SATURN

A look at the origins, meaning and usage of the place name "SATURN". For word definitions see WordChecker below

Background

Saturn is one of the eight planets in our solar system. Located beyond Jupiter, Saturn is the sixth planet from the Sun, at a distance of 1,426 billion kilometres, and the second largest with a diameter of 120,660 km. Saturn is probably best known for the spectacular, broad, flat rings that encircle it and extend out from its surface 14,000 km. It can be seen from Earth with the naked eye.

Pronunciation: /ˈsæt.ərn/

Origins, meaning and usage of the name

Before the invention of the telescope, Saturn was thought to be the outermost planet because it was the last planet anyone could see from Earth. The Romans named it after their god of agriculture and time, Saturn (Latin: Saturnus). To the Romans, Saturn was the slowest of the five planets they could see, and this may be why they named it after a god of time. In Roman mythology, Saturn was also the father of Jupiter.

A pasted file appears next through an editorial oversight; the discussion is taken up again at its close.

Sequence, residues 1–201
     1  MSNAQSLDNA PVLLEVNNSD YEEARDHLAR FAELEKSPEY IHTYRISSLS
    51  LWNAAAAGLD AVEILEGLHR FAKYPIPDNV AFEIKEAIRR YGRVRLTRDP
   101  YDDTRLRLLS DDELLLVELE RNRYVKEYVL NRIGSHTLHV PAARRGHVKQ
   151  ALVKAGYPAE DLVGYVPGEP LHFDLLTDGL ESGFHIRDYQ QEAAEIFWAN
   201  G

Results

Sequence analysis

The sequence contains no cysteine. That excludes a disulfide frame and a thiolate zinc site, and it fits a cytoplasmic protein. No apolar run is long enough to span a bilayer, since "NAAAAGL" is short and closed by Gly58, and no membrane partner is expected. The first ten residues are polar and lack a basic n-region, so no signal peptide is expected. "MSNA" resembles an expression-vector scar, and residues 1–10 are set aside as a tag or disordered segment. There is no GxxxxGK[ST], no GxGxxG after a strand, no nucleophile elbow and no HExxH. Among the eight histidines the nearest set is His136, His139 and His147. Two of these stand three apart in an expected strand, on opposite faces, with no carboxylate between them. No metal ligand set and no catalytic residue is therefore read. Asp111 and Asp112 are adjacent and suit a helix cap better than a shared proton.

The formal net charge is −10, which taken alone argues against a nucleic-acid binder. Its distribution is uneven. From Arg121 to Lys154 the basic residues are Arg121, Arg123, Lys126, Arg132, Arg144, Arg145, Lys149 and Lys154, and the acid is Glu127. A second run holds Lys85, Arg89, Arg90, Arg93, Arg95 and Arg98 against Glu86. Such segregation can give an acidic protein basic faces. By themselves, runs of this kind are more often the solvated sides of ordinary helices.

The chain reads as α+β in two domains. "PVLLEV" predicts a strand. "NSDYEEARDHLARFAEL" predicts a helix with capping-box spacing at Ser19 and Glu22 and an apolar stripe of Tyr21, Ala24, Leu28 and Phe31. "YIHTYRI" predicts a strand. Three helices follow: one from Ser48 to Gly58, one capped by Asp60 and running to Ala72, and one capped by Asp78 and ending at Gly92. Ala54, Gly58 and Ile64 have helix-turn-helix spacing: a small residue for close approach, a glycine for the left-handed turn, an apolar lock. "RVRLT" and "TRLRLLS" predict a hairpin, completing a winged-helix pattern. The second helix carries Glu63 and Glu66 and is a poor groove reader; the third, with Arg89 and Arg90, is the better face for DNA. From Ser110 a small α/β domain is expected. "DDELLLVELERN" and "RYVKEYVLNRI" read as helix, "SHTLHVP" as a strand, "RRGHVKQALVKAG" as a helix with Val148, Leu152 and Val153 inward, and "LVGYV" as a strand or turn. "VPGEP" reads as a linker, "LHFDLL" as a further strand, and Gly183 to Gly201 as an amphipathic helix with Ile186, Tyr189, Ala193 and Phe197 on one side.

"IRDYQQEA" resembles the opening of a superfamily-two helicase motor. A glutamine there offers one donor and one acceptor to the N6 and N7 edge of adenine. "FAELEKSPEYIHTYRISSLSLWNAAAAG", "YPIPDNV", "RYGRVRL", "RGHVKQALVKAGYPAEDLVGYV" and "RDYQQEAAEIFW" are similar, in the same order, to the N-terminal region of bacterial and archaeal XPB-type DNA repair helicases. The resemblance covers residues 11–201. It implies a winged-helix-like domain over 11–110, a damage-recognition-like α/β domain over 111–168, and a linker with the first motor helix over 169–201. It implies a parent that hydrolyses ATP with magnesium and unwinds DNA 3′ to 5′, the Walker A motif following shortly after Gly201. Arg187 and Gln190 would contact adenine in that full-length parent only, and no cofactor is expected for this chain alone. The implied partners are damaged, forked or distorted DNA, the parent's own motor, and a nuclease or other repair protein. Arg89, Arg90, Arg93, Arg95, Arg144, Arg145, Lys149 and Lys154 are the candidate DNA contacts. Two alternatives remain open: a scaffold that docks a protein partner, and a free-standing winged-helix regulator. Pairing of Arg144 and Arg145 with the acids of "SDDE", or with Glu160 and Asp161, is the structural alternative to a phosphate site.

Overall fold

The adjective from Saturn is Saturnian (capitalized as derived from a proper noun), as in: The spectacular Saturnian rings extend for 14,000 kilometres. Fictional inhabitants of Saturn are known as Saturnians. The planet Saturn has featured in various works of fictionSaturn was the name for NASA’s rockets that powered the Apollo missions, ultimately to the Moon landings. The word Saturday is derived from the same Roman god as the planet Saturn (7 Days of the Week).

Saturn by NASA

Above: In 2004 the Cassini space probe captured images of the “ringed planet” Saturn from a distance of some 6 million km. The images were later composed into this “most detailed, global natural color view of Saturn and its rings ever made” (NASA).

Example sentences:

  • She explored Saturn using her father’s telescope.
  • The spacecraft Voyagers 1 and 2 sent us pictures of Saturn and Venus.

Above: “Saturn, the Bringer of Old Age” (above) is the fifth movement of The Planets, written by the English composer Gustav Holst between 1914 and 1916. The movement’s slowly ticking clock and terrifying cacophony create an emotional experience that reminds us of Saturn’s connections with advancing time.

solar system (noun): our sun and the eight planets (and other bodies) that go around it
billion (noun): one thousand million (1,000,000,000)
naked eye (noun): unassisted vision; the eye without help from a telescope
the Romans (noun): people of the ancient civilization that was based on Rome, Italy some 2000 years ago
Latin (noun): the language spoken by the Romans
cacophony (noun): a harsh, discordant mixture of sounds